September 15, 2014
I’m reading a book this week by the priest, theologian, and amateur cook Robert Capon called Supper of the Lamb. It’s part cookbook and part meditation on life and God. There are recipes and there’s a whole chapter devoted to cutting an onion and there are paragraphs sprinkled throughout on our relationship to the creation.
"Creation exists in its own right, is no parable, no front, no Punch and Judy show in which God plays all the parts, but a vast and vacuous meeting where each thing acts out its nature, shouts I am I, as if no other thing had being. The world exists, not for what it means but for what it is. The purpose of mushrooms is to be mushrooms; wine is to be wine: Things are precious before they are contributory."
In other words (I think), it’s an appreciation of the creation for what it is, not for what it can do for us. It’s a reminder to stop and look closely at things and appreciate them as the gifts they are.
One of the reasons I’m enjoying the book is that sitting with it feels like stepping outside the flow of things happening in my life and in the world. A book with a chapter about peeling an onion is self-consciously not in a hurry.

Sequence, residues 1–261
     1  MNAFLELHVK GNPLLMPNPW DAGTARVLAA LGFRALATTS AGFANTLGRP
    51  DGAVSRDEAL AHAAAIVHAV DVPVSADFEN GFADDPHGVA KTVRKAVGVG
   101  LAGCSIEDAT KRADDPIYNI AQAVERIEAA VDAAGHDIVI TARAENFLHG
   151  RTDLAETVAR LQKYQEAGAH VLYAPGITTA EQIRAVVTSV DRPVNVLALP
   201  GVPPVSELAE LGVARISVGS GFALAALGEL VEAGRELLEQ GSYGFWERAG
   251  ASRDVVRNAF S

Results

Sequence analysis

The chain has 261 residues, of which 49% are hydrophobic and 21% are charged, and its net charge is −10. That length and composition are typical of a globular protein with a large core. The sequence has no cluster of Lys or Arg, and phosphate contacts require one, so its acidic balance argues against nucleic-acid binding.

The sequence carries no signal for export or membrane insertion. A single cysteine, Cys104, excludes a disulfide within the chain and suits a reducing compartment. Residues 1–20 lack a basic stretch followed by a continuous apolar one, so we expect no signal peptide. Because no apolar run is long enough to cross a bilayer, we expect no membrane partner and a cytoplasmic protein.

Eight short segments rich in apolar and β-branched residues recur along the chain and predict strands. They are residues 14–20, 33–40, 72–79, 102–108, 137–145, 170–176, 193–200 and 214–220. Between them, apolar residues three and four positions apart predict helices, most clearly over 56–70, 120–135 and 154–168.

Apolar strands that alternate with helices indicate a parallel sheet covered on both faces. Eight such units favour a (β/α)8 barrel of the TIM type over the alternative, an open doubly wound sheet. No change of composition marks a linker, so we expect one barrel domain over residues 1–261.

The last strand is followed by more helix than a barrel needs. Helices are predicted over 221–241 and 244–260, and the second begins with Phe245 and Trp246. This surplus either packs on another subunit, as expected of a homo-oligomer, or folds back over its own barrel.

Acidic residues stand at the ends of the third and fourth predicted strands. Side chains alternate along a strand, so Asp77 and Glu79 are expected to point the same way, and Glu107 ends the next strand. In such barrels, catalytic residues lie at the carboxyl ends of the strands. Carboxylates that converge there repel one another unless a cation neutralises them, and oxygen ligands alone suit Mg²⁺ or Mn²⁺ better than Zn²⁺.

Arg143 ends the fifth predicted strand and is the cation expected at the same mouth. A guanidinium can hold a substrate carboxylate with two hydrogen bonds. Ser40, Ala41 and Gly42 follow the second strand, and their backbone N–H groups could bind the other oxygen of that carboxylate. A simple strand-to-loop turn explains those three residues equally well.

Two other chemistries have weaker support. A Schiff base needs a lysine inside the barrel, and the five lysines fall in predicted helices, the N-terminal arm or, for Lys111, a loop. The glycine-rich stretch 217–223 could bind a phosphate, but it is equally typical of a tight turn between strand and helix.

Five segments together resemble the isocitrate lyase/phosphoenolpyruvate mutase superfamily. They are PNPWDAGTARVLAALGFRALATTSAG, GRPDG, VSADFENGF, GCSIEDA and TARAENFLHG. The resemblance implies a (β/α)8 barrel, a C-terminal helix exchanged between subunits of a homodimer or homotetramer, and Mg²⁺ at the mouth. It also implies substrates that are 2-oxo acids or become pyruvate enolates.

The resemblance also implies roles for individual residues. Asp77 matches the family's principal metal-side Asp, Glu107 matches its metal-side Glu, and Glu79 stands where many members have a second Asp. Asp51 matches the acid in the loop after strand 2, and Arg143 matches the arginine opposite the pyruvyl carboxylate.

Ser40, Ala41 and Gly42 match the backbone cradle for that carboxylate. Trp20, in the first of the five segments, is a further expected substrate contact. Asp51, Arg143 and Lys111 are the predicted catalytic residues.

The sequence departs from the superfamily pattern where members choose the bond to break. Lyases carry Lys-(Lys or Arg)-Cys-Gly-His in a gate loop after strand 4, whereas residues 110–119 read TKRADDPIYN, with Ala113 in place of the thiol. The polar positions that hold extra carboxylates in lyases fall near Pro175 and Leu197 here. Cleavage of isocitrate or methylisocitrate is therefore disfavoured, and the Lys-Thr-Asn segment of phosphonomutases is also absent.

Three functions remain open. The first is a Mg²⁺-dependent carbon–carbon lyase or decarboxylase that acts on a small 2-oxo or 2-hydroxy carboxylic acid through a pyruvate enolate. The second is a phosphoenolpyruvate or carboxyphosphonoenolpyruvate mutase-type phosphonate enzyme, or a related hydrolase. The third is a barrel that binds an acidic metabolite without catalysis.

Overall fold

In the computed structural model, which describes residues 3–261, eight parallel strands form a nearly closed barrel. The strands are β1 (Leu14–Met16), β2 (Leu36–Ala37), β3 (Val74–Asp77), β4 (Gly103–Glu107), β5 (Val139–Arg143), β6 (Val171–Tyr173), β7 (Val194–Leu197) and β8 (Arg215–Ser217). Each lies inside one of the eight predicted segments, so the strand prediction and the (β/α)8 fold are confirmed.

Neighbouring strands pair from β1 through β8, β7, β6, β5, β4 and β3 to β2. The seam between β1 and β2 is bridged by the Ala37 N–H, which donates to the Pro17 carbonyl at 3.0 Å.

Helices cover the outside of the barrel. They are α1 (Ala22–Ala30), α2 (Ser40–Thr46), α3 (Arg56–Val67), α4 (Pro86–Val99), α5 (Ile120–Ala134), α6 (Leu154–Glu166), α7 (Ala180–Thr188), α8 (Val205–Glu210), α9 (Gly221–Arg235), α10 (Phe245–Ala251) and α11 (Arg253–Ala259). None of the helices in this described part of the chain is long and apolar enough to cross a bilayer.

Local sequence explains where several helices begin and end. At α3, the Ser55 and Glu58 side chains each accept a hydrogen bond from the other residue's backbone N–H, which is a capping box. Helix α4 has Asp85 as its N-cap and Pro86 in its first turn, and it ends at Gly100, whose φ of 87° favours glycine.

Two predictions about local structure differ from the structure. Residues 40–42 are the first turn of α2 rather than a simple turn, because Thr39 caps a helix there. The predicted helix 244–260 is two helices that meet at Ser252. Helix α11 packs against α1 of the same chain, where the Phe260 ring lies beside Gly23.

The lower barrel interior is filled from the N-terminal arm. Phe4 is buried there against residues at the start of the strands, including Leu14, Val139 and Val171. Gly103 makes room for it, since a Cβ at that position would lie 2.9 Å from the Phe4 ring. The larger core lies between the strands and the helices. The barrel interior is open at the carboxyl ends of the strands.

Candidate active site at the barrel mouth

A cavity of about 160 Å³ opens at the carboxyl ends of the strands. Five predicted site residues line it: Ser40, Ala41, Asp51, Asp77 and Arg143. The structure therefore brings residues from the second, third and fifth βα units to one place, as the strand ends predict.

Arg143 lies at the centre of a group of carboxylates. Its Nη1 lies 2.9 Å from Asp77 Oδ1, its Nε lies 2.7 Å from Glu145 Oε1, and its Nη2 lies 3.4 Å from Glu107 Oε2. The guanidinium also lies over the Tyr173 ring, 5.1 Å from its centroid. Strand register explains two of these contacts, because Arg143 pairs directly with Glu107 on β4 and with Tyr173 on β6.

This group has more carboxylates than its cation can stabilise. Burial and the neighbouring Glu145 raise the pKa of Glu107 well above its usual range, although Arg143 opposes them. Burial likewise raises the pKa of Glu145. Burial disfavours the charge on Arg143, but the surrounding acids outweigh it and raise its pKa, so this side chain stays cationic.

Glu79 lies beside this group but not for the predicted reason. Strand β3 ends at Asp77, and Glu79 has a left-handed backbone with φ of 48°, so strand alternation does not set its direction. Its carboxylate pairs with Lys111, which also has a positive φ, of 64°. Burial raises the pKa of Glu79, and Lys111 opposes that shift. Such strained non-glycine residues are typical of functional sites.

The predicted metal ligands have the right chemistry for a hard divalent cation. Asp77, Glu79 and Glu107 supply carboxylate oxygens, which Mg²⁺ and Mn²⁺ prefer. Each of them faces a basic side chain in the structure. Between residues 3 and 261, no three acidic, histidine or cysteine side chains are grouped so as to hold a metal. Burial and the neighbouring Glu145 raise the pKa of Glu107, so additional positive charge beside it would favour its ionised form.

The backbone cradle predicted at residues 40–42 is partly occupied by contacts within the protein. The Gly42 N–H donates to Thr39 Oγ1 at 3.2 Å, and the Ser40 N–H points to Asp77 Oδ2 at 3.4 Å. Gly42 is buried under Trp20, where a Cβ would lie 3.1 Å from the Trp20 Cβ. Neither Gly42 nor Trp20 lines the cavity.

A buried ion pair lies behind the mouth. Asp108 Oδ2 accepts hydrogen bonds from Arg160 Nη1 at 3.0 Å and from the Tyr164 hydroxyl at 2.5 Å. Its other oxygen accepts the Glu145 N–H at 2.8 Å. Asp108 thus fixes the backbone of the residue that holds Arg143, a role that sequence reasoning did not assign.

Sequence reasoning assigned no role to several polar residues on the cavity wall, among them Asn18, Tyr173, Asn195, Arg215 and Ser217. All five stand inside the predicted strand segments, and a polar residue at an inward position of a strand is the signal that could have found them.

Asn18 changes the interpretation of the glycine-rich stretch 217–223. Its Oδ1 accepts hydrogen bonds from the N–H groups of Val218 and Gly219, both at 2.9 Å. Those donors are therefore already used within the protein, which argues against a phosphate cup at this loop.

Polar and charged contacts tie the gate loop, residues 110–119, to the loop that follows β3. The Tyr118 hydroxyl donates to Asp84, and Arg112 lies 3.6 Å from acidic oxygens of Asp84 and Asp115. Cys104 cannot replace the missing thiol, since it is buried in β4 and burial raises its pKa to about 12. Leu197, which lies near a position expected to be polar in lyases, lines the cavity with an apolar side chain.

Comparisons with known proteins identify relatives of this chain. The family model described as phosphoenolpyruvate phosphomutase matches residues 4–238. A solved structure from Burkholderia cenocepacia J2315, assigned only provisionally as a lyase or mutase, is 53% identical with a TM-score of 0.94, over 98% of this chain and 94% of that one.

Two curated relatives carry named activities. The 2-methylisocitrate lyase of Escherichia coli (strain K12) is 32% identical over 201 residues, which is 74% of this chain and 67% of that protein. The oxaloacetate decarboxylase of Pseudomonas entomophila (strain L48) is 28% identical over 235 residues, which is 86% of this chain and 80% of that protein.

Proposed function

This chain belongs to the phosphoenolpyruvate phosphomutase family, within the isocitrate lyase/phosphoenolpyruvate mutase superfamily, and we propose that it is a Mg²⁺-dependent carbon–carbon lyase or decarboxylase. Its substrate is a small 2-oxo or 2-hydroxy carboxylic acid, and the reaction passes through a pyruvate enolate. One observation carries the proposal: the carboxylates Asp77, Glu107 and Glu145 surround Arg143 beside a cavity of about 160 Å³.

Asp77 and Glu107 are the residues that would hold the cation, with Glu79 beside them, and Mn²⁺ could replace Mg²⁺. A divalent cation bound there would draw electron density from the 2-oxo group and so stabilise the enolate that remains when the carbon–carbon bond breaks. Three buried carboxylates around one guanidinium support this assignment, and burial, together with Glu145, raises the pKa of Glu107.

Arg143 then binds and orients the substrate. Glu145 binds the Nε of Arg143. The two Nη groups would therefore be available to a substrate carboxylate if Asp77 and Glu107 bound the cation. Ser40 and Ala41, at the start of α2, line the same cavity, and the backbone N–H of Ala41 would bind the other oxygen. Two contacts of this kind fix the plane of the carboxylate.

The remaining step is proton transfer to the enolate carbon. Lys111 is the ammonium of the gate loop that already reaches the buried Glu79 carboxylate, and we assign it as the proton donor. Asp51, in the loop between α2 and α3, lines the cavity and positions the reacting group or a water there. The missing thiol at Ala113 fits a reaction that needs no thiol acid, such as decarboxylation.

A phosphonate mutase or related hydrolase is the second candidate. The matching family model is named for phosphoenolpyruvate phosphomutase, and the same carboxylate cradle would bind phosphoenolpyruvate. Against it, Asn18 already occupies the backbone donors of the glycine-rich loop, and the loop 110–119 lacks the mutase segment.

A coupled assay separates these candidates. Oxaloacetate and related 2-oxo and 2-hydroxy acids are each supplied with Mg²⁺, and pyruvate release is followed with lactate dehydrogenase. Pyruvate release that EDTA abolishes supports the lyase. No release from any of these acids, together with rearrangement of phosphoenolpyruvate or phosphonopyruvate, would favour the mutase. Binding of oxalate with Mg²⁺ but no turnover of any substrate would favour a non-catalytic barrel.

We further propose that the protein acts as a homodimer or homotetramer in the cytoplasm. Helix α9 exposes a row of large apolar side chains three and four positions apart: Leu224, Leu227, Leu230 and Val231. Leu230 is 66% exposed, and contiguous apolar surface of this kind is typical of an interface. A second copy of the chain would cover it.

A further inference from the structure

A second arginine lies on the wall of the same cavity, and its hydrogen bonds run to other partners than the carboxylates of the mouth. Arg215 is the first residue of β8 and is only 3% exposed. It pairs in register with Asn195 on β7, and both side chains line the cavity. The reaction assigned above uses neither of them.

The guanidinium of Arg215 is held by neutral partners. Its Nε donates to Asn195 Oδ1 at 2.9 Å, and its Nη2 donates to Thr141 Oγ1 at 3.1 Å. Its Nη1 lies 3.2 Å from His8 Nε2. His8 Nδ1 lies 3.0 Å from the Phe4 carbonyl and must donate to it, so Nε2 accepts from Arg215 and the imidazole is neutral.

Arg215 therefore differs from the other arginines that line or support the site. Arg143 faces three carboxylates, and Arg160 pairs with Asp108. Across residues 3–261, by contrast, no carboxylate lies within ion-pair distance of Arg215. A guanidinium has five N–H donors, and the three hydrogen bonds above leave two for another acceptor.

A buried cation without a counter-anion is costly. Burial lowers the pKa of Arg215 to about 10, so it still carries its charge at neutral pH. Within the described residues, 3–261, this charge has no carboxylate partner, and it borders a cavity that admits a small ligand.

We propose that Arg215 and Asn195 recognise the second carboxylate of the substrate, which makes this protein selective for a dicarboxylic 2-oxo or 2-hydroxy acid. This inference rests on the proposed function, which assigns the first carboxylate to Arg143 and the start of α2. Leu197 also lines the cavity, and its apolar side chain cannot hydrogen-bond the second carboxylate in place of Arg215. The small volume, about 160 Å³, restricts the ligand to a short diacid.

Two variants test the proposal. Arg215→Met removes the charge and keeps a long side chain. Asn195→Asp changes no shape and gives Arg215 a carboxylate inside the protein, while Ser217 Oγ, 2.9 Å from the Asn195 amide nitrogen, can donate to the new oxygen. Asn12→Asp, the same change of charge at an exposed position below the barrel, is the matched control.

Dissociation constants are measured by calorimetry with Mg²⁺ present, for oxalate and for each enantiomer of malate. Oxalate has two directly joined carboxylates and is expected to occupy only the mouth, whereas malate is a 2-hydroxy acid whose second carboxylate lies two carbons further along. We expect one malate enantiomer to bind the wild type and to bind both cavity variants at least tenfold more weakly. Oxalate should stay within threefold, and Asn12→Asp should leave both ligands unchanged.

A similar unhurriedness is a gift that the Church offers through its liturgy and prayer. Stepping inside a church can feel at times like stepping out of a river onto a quiet shore.
Much of our lives are spent consuming other people’s status updates and absorbing some of the pervasive anxiety about the future that we can feel through the news and changing climate.
The church is not an escape, but it is a place where we take in the world not as a commodity to be consumed but as a gift. Through the liturgical cycles and prayer we can understand life less as a set of stairs to be climbed than as a place we are invited to be, to love and be loved.
Some of us (I’m talking about myself, here) feel, at times, a bit overwhelmed by the world — tattered around the edges, torn up by violence, bombarding us with news and noise. Church isn’t meant to be another thing on our to-do list, another source of anxiety, but a reminder to hope, a place of peace.
What we all need to remember to do, as the church’s program year starts up again this month, is to slow down. To appreciate this world for the gift it is and to accept our small place in it. To slowly chop an onion, to walk in the park without headphones in my ears, to sit in a chapel and pray or sing without worrying about what happens next and simply appreciate the gifts we have been given, so then I can get up again and do the work I have been given to do.